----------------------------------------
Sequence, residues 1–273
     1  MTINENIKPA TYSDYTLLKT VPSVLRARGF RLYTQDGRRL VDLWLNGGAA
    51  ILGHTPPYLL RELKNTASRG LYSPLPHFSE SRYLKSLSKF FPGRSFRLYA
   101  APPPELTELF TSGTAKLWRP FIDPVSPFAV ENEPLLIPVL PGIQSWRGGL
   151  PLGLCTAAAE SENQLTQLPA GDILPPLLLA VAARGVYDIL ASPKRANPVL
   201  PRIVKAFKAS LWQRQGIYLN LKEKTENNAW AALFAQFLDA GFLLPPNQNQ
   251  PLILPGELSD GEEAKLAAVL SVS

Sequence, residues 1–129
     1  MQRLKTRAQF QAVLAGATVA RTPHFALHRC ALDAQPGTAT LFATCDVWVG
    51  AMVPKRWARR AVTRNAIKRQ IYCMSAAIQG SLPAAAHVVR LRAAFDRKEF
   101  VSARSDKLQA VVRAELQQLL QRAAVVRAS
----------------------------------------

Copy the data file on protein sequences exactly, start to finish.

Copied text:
Sequence, residues 1–273
     1  MTINENIKPA TYSDYTLLKT VPSVLRARGF RLYTQDGRRL VDLWLNGGAA
    51  ILGHTPPYLL RELKNTASRG LYSPLPHFSE SRYLKSLSKF FPGRSFRLYA
   101  APPPELTELF TSGTAKLWRP FIDPVSPFAV ENEPLLIPVL PGIQSWRGGL
   151  PLGLCTAAAE SENQLTQLPA GDILPPLLLA VAARGVYDIL ASPKRANPVL
   201  PRIVKAFKAS LWQRQGIYLN LKEKTENNAW AALFAQFLDA GFLLPPNQNQ
   251  PLILPGELSD GEEAKLAAVL SVS

Sequence, residues 1–129
     1  MQRLKTRAQF QAVLAGATVA RTPHFALHRC ALDAQPGTAT LFATCDVWVG
    51  AMVPKRWARR AVTRNAIKRQ IYCMSAAIQG SLPAAAHVVR LRAAFDRKEF
   101  VSARSDKLQA VVRAELQQLL QRAAVVRAS